Future successful adult.
John Prine’s heart-breaking and loving video on the opioid crisis
I may add on to this. We’ll see where it goes.
“First of all, love is a joint experience between two persons — but the fact that it is a joint experience does not mean that it is a similar experience to the two people involved. There are the lover and the beloved, but these two come from different countries. Often the beloved is only a stimulus for all the stored-up love which had lain quiet within the lover for a long time hitherto. And somehow every lover knows this. He feels in his soul that his love is a solitary thing. He comes to know a new, strange loneliness and it is this knowledge which makes him suffer. So there is only one thing for the lover to do. He must house his love within himself as best he can; he must create for himself a whole new inward world — a world intense and strange, complete in himself. Let it be added here that this lover about whom we speak need not necessarily be a young man saving for a wedding ring — this lover can be man, woman, child, or indeed any human creature on this earth.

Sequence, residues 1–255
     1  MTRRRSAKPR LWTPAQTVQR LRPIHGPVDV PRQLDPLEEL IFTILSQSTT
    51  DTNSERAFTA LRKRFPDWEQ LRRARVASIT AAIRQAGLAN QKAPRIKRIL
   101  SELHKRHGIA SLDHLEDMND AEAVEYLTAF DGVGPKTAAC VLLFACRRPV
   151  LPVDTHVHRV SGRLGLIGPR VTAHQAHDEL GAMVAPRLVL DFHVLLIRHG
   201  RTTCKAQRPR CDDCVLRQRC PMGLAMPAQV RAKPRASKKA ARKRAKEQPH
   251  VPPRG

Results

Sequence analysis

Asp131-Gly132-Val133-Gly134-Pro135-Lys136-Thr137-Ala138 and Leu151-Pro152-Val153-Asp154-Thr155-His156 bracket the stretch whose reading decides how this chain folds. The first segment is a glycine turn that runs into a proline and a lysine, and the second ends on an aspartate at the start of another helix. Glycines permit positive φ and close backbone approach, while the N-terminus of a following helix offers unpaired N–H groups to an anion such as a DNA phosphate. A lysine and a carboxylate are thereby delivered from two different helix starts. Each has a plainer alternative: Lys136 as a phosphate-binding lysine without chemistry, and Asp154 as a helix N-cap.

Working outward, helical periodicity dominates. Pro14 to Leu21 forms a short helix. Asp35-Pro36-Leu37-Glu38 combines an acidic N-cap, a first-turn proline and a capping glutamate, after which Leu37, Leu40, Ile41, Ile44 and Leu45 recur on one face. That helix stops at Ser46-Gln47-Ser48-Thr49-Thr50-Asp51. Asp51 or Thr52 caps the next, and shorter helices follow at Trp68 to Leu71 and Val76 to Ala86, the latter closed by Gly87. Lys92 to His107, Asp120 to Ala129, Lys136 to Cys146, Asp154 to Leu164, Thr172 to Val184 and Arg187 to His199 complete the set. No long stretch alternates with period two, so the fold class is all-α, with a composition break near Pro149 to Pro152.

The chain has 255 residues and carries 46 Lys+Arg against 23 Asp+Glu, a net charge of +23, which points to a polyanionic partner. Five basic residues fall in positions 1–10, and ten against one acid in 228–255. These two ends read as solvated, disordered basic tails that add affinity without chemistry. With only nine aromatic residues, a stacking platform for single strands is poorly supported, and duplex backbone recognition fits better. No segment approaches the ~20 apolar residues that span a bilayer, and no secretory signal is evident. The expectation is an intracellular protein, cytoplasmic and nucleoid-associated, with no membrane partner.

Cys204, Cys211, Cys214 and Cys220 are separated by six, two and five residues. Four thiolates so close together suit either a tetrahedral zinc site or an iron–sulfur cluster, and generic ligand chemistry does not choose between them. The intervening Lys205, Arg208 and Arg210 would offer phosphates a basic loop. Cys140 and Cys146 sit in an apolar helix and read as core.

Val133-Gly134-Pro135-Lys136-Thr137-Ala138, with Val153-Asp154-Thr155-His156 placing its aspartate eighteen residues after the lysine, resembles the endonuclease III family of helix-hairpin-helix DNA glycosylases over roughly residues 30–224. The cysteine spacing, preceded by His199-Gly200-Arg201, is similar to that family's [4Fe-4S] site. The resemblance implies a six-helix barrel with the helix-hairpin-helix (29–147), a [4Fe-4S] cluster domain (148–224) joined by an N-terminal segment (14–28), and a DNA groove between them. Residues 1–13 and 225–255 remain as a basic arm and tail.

Now, the beloved can also be of any description. The most outlandish people can be the stimulus for love. A man may be a doddering great-grandfather and still love only a strange girl he saw in the streets of Cheehaw one afternoon two decades past. The preacher may love a fallen woman. The beloved may be treacherous, greasy-headed, and given to evil habits. Yes, and the lover may see this as clearly as anyone else — but that does not affect the evolution of his love one whit. A most mediocre person can be the object of a love which is wild, extravagant, and beautiful as the poison lilies of the swamp. A good man may be the stimulus for a love both violent and debased, or a jabbering madman may bring about in the soul of someone a tender and simple idyll. Therefore, the value and quality of any love is determined solely by the lover himself.
It is for this reason that most of us would rather love than be loved. Almost everyone wants to be the lover. And the curt truth is that, in a deep secret way, the state of being beloved is intolerable to many. The beloved fears and hates the lover, and with the best of reasons. For the lover is forever trying to strip bare his beloved. The lover craves any possible relation with the beloved, even if this experience can cause him only pain.”
Carson McCullers, The Ballad of the Sad Café and Other Stories